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Stepping Outside Helps Make Connections

Director’s Page
Helene M. Langevin, M.D.

March 30, 2022

Being outside is central to me. It’s during my frequent walks through the woods where I can collect my thoughts and connect with the world around me. I think it’s my love for that time in the forest that leaves me especially eager for the discussion with Suzanne Simard, Professor of Forest Ecology at the University of British Columbia, at the upcoming International Congress on Integrative Medicine and Health (ICIMH). We’ll be joined by John Weeks of the Journal of Integrative and Complementary Medicine to discuss the connections between Dr. Simard’s work and the field of complementary and integrative health. 

Her story is compelling to me for many reasons. To start, she’s a fellow Canadian who grew up from French ancestry in British Columbia. Her upbringing among foresters gave her the unique insights and perspectives that led to her groundbreaking research on forests. Her work opened our eyes to the long unnoticed interplay between trees and upended the idea that forests were simply landscapes ruled by the “survival of the fittest.” 

Debunking the long-held understanding that trees compete for sunlight and survive on their own, she demonstrated that forests run on cooperative, interdependent systems. Trees communicate and transfer nutrients through complex root and fungal systems, and vegetation that might be considered weeds siphoning off light or nutrients is in fact essential to the diversity needed for a healthy forest.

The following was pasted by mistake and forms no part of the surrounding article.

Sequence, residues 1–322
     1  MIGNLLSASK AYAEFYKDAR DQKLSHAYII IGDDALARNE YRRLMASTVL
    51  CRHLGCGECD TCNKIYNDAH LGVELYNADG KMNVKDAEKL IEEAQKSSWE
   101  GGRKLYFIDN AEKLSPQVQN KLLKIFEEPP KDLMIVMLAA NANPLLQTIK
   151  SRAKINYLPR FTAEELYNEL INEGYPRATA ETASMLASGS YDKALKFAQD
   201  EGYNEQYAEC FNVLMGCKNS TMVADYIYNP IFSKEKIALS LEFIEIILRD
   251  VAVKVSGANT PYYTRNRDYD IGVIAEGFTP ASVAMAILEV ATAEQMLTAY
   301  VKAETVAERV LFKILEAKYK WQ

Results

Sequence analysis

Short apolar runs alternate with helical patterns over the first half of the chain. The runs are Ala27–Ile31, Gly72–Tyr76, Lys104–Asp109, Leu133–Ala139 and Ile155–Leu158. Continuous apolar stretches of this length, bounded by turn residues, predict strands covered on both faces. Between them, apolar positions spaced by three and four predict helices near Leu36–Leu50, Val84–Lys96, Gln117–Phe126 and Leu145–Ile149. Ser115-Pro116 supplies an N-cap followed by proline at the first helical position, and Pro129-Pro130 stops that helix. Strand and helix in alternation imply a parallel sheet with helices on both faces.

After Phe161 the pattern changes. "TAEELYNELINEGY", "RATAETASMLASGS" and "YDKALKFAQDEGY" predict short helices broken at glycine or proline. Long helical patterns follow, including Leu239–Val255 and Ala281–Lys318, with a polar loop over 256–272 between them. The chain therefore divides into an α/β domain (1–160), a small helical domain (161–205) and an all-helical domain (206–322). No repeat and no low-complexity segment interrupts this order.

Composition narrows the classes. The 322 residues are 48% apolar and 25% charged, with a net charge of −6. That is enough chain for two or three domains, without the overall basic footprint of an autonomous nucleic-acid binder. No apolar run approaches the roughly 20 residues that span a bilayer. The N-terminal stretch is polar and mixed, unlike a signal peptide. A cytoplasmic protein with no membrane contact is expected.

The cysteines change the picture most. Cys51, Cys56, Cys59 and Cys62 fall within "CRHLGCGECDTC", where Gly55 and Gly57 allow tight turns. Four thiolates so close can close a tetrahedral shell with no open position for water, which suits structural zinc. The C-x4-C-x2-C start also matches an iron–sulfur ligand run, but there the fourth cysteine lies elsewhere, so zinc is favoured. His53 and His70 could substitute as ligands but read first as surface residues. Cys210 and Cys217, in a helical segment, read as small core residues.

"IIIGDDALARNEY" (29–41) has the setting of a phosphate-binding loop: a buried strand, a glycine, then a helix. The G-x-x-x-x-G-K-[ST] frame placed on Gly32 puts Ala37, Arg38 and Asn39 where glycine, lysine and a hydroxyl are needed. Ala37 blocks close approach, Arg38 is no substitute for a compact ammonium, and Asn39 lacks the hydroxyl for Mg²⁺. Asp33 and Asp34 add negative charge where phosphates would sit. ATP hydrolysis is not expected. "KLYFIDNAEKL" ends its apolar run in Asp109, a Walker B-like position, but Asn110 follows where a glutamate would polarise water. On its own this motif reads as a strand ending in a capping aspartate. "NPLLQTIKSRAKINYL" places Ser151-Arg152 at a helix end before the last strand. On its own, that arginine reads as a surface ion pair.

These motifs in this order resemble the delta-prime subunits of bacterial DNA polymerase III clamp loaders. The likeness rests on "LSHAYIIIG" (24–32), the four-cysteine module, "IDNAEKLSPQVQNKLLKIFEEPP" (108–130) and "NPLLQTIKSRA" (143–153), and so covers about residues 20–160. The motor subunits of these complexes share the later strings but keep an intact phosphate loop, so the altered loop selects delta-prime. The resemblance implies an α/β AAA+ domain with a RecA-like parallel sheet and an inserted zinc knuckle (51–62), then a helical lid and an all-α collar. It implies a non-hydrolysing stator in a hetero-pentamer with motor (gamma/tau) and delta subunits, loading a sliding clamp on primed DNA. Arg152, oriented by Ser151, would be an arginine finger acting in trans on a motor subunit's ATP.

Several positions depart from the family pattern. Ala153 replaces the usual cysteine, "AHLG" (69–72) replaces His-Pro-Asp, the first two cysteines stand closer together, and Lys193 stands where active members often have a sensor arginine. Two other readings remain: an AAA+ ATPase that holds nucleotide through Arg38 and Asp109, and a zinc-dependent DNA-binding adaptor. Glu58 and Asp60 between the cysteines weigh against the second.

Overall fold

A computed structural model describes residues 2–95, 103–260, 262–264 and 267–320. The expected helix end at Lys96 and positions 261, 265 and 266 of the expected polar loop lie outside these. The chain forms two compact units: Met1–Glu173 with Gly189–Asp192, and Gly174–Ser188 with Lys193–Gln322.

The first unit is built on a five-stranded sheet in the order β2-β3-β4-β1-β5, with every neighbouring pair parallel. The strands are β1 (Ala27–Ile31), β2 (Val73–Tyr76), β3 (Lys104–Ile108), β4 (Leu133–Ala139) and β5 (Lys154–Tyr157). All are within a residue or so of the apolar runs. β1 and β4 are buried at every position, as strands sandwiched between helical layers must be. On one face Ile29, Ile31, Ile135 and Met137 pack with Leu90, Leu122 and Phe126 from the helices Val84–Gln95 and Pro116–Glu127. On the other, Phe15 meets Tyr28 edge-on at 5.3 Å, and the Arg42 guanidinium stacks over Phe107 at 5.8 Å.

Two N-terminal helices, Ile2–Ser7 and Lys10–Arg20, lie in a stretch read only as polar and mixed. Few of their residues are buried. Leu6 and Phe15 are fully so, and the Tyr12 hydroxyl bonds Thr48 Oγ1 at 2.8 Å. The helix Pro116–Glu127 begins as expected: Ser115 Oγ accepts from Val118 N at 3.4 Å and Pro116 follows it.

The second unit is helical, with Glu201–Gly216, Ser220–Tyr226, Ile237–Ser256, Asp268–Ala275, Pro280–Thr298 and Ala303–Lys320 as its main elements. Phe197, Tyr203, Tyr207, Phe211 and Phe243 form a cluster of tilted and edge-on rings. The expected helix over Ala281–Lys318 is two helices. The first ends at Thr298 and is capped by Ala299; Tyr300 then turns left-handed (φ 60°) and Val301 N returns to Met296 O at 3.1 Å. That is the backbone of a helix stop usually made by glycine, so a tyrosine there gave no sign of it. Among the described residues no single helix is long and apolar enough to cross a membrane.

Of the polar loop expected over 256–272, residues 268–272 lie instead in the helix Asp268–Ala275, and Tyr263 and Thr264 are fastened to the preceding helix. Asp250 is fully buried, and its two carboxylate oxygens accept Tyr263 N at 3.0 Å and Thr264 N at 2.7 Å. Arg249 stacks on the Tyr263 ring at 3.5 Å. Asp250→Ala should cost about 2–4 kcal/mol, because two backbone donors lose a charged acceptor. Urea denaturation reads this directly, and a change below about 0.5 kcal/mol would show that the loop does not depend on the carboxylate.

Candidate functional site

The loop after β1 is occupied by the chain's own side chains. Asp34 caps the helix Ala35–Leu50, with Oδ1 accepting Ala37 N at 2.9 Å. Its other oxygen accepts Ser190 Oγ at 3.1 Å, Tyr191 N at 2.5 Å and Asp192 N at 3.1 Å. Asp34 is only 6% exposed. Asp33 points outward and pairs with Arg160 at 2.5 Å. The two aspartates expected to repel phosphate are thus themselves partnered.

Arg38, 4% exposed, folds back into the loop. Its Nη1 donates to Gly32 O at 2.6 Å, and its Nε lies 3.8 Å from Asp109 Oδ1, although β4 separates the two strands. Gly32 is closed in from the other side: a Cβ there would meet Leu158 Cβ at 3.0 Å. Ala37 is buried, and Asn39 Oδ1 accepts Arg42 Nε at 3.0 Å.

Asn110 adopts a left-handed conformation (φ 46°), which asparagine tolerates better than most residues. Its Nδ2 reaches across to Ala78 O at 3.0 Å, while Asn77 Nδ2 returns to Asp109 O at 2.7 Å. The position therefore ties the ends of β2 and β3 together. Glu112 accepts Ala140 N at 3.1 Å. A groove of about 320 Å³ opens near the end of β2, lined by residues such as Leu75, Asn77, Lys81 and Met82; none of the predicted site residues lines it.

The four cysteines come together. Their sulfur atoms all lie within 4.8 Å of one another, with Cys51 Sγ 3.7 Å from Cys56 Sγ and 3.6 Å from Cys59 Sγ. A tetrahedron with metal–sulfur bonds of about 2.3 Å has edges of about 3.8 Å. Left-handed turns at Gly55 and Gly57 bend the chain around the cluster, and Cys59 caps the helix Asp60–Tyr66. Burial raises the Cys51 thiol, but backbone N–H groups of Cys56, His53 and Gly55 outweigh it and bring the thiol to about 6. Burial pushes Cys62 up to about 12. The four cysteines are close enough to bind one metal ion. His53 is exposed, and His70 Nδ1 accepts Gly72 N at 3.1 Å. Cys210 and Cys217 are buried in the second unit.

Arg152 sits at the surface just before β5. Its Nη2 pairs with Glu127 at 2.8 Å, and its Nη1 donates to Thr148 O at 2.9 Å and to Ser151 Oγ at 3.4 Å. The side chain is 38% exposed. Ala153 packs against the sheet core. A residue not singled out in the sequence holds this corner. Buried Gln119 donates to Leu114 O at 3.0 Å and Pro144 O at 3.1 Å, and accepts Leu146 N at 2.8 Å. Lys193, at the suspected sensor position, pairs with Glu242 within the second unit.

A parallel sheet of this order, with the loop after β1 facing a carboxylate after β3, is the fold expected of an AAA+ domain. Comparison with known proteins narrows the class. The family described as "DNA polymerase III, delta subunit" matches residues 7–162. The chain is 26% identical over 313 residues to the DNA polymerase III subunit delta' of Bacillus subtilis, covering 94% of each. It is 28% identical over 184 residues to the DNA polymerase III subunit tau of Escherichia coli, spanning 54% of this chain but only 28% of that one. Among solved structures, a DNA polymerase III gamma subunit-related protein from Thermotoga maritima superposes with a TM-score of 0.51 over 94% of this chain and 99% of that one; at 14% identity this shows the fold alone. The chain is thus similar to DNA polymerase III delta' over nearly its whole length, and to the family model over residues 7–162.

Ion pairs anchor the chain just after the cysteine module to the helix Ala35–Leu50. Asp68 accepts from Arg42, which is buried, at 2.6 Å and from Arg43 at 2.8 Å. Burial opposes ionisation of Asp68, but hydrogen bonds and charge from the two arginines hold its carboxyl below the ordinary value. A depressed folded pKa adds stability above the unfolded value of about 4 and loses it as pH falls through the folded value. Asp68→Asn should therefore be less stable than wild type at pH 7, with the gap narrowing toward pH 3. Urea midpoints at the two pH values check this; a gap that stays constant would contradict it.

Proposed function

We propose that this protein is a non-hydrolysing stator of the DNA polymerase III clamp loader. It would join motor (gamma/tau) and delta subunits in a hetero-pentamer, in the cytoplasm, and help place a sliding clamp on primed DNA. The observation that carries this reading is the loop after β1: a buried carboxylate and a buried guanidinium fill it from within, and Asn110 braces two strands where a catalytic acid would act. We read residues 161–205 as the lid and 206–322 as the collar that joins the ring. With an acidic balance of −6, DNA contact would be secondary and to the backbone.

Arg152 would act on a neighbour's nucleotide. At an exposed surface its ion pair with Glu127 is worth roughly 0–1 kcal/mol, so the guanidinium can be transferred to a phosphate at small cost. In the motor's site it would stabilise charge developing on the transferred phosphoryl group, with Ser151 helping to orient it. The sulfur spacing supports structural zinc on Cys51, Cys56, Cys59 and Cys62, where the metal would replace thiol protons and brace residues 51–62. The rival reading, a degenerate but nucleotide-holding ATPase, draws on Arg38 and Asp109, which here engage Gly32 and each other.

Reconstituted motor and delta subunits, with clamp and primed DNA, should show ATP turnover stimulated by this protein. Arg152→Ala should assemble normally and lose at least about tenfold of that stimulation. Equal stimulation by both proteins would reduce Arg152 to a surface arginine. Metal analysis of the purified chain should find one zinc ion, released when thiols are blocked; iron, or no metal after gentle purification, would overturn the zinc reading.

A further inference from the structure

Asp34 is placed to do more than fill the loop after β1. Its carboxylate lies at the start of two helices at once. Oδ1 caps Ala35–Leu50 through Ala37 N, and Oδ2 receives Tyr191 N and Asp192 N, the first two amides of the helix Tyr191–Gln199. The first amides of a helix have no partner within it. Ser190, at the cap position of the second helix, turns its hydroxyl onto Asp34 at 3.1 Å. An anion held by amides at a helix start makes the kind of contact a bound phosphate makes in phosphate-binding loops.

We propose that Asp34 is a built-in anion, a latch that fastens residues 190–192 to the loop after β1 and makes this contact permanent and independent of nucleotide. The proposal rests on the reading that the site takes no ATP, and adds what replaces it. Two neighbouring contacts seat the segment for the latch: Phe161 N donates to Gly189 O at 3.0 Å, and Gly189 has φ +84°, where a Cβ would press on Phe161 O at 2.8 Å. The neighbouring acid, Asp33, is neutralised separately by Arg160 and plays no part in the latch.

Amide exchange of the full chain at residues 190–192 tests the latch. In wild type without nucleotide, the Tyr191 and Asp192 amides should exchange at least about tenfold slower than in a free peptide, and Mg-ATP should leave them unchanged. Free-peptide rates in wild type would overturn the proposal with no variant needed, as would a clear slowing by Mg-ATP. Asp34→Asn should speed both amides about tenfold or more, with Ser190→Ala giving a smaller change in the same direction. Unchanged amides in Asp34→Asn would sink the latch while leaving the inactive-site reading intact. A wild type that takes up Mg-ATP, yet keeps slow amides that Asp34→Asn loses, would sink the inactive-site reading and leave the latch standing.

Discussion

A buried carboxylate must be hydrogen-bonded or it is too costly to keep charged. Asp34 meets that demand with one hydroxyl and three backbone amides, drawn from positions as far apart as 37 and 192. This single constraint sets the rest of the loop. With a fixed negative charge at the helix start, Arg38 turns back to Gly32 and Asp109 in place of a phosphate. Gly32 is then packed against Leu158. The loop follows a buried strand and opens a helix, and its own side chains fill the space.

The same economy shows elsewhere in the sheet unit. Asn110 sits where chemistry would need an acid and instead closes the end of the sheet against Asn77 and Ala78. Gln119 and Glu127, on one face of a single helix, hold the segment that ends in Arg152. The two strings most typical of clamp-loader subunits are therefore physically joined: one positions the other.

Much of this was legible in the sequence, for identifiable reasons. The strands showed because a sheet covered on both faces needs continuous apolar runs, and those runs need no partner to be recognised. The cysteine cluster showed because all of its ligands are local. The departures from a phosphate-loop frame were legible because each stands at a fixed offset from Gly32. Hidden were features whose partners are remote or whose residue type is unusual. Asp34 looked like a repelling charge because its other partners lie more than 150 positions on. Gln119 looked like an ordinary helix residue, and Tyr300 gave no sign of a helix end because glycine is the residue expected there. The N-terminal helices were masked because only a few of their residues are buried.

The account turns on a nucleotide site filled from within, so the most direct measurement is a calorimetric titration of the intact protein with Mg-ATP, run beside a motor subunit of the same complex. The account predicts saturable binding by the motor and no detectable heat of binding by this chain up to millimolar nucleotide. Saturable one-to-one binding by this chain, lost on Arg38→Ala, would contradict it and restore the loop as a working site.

The connections between different types of trees are essential to the health of the whole forest.   

It is in that understanding that I can see clear parallels between Dr. Simard’s work and NCCIH’s efforts to advance the science of whole person health. Just as herbicides and monoculture can weaken a forest’s ecosystem, singular or fragmented approaches to health are missed opportunities to address the complex and interconnected factors that contribute to a person’s health. The gains that come from understanding human health across biological, behavioral, social, and environmental domains mirror the benefits of supporting the diversity and “social cooperation” of plants and microbes in the forest. 

Just as Dr. Simard’s work has prompted substantive rethinking about forest management, I am hopeful that the growing interest in fostering whole person research and a corresponding body of evidence will help reshape how we approach human health. 

There is much to gain by widening our perspectives and drawing learnings from other disciplines. For those of you attending ICIMH in May, I hope you will join in this session with Suzanne Simard and John Weeks on Thursday, May 26 and learn more about other research being presented by NCCIH at this year’s meeting.

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Helene M. Langevin, M.D.
Helene M. Langevin, M.D.